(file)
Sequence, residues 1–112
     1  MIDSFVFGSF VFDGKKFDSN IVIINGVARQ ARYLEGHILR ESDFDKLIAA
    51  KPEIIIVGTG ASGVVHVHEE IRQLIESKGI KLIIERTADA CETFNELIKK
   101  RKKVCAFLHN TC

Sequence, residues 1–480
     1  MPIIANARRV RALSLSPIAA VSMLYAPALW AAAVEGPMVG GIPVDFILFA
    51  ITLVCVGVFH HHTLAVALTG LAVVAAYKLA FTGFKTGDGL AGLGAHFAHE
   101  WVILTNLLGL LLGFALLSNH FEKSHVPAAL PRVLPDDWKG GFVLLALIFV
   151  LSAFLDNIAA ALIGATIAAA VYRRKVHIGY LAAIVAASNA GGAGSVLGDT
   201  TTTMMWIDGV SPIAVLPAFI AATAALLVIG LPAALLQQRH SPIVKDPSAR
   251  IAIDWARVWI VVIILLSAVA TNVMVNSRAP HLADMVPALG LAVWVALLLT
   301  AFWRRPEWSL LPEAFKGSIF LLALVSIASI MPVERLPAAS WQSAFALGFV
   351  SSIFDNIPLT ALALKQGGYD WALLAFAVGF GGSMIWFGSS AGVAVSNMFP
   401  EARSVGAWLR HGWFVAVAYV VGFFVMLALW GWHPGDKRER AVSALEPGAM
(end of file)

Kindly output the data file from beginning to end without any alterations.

Sequence, residues 1–112
     1  MIDSFVFGSF VFDGKKFDSN IVIINGVARQ ARYLEGHILR ESDFDKLIAA
    51  KPEIIIVGTG ASGVVHVHEE IRQLIESKGI KLIIERTADA CETFNELIKK
   101  RKKVCAFLHN TC

Sequence, residues 1–480
     1  MPIIANARRV RALSLSPIAA VSMLYAPALW AAAVEGPMVG GIPVDFILFA
    51  ITLVCVGVFH HHTLAVALTG LAVVAAYKLA FTGFKTGDGL AGLGAHFAHE
   101  WVILTNLLGL LLGFALLSNH FEKSHVPAAL PRVLPDDWKG GFVLLALIFV
   151  LSAFLDNIAA ALIGATIAAA VYRRKVHIGY LAAIVAASNA GGAGSVLGDT
   201  TTTMMWIDGV SPIAVLPAFI AATAALLVIG LPAALLQQRH SPIVKDPSAR
   251  IAIDWARVWI VVIILLSAVA TNVMVNSRAP HLADMVPALG LAVWVALLLT
   301  AFWRRPEWSL LPEAFKGSIF LLALVSIASI MPVERLPAAS WQSAFALGFV
   351  SSIFDNIPLT ALALKQGGYD WALLAFAVGF GGSMIWFGSS AGVAVSNMFP
   401  EARSVGAWLR HGWFVAVAYV VGFFVMLALW GWHPGDKRER AVSALEPGAM